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Author Topic: Scotney Castle  (Read 4794 times)

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Offline Lutonman

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Re: Scotney Castle
« Reply #6 on: November 05, 2017, 18:56:02 »
Kyn,
It's a great place to go, we've been many times.

Offline kyn

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Re: Scotney Castle
« Reply #5 on: November 05, 2017, 00:16:18 »
We had a little visit here today :)

Offline sheppey_bottles

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Re: Scotney Castle
« Reply #4 on: July 24, 2012, 17:02:40 »
There are some lovely old (18th Century ish)  bottles above the fireplace in the second picture. I do love the iridescence on these early bottles, the onion shaped bottle to the left is earlier. Looks a super place for a visit.

Offline cliveh

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Re: Scotney Castle
« Reply #3 on: July 24, 2012, 14:59:35 »
Thanks cliveh, great write up and pics of this lovely castle. The 'new' castle wasn't open to the public last time we visited , but the white Wisteria was in bloom over the old castle and looked stunning. We shall have to visit again  :)

Thanks Lyn L.  :)

It's well worth you going again. Meanwhile here's some photos of the inside of the 'New' castle to whet your appetite:
















cliveh

Offline Lyn L

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Re: Scotney Castle
« Reply #2 on: July 24, 2012, 14:25:18 »
Thanks cliveh, great write up and pics of this lovely castle. The 'new' castle wasn't open to the public last time we visited , but the white Wisteria was in bloom over the old castle and looked stunning. We shall have to visit again  :)
Half our life is spent trying to find something to do with the time we have rushed through life tryi

Offline cliveh

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Scotney Castle
« Reply #1 on: July 24, 2012, 09:37:17 »

Scotney Castle, near Lamberhurst on the Kent / Sussex border, is actually two castles. The ‘Old’ castle was built about 1378-80 by Roger Ashburnham, the nephew of the M.P. Sir John Ashburnham, as a response to the threat of a French invasion. It was built, more as a fortified manor house than a fortress, with towers in each corner.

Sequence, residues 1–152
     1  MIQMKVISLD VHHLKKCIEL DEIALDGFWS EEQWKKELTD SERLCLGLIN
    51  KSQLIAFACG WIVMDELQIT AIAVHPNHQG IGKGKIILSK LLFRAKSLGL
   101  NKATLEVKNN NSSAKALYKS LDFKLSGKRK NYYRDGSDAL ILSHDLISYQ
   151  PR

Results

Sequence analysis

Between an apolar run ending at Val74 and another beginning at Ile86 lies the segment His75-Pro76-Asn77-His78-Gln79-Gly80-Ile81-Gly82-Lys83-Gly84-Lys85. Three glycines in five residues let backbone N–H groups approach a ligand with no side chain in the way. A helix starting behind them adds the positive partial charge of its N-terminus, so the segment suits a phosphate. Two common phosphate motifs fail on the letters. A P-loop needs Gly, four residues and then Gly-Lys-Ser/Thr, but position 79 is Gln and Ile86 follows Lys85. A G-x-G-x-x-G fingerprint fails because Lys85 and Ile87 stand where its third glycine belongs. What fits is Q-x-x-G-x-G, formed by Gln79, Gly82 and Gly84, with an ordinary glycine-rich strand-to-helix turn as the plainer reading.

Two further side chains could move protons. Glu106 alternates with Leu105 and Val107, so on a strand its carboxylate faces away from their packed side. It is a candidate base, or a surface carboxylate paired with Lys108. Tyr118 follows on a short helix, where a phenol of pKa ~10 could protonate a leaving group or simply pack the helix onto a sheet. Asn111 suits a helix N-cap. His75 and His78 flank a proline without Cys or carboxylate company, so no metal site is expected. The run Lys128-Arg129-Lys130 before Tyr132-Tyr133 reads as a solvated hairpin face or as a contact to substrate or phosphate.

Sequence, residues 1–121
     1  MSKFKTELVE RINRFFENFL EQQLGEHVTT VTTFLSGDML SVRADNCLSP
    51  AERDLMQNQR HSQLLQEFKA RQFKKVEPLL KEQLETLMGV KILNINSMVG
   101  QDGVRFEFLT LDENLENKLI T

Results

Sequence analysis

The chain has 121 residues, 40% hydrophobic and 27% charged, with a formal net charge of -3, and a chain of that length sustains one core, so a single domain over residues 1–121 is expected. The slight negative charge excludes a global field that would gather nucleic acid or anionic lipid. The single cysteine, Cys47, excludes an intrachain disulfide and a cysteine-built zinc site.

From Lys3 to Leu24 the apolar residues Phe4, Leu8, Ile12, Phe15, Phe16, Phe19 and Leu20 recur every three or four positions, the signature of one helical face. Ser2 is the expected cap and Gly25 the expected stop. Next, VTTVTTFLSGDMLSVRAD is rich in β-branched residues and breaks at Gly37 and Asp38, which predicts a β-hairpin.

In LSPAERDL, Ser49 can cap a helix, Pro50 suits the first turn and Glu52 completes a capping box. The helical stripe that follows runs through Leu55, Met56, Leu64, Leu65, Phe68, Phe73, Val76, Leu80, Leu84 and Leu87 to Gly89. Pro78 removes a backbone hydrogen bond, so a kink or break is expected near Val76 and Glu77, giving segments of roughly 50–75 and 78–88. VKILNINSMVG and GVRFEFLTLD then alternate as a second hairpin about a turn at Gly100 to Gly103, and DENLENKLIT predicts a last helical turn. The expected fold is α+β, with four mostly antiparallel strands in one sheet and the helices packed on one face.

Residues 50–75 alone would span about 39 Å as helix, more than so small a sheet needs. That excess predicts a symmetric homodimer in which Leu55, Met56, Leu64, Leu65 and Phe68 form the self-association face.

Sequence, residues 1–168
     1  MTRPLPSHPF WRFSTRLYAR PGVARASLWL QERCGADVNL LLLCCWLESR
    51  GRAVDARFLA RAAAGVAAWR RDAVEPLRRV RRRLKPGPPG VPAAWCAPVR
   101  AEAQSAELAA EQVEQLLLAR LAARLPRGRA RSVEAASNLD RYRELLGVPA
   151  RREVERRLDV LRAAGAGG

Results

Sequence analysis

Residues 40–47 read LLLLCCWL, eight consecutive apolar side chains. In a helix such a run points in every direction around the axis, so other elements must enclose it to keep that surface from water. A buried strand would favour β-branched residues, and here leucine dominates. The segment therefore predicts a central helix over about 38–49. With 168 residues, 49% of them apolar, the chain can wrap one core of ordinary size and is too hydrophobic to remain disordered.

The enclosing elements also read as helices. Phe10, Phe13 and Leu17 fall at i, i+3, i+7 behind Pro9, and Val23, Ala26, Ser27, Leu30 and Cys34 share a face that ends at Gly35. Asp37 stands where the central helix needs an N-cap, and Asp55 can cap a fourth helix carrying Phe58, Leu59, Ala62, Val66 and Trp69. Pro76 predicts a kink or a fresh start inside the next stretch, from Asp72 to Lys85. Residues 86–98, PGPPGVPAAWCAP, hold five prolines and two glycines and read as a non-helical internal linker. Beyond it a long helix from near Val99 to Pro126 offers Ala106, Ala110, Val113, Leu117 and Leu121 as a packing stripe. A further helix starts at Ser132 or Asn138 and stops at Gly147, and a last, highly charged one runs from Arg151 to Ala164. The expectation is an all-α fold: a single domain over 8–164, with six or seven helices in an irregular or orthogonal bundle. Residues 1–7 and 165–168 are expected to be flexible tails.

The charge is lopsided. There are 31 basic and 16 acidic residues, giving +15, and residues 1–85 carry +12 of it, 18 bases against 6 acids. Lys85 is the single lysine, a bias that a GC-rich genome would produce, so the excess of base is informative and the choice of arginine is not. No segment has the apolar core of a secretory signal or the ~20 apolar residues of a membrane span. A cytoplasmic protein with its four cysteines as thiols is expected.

By 1580 the estate was in the hands of a prominent Catholic family, the Darells, who re-built the south wing adjoining the, by now, one remaining tower. Between 1591 and 1598 Catholicism was illegal in England and in 1598 Thomas Darrell hid the Jesuit Father, Richard Blount in a priest’s hole in the castle. During a raid on the castle by the authorities the Father fled, escaping across the moat.

In the 1630’s William Darell demolished much of the castle, using the masonry to build a new, three-storey east range. In the 1720’s George Darell made further alterations capping the now named Ashburnham Tower with a cupola and conical tiled roof. By the mid 18th century family discord and lawsuits forced the Darells to place Scotney up for sale.

In 1778 the castle was bought by Edward Hussey, a barrister who later played regular cricket for the M.C.C. Following Edward’s suicide at the castle and the subsequent death of his son and heir barely a year later his remaining family including his grandson, Edward, moved to St. Leonards.

Edward Hussey III moved back to Scotney in 1835 and commenced building a new house there. He chose a young architect, Anthony Salvin, to build this ‘New’ castle. Salvin and Hussey designed it in the revived ‘Elizabethan’ style and construction began in 1837 using sandstone dug from a small quarry in the grounds of the estate.

Edward lived in the new house until he died in 1894 and the estate passed to his eldest son, Edward Windsor Hussey who continued to live there until his death in 1952.

Edward Windsor Hussey’s nephew, Christopher Hussey, inherited the estate after his uncle’s death. He been editor of ‘Country Life’ magazine the 1930’s and was a mjor influence on Lord Lothian, the mastermind of the National Trust Country Houses Scheme which had been formed to preserve and protect Britain’s historic country houses.

Christopher died in 1970 leaving the estate to the National Trust. His widow, Betty, continued to live in the house until her death, aged 99, in 2006.

The ‘New’ castle is now fully open to the public as are the gardens and the remains of the ‘Old’ castle.

















cliveh

 

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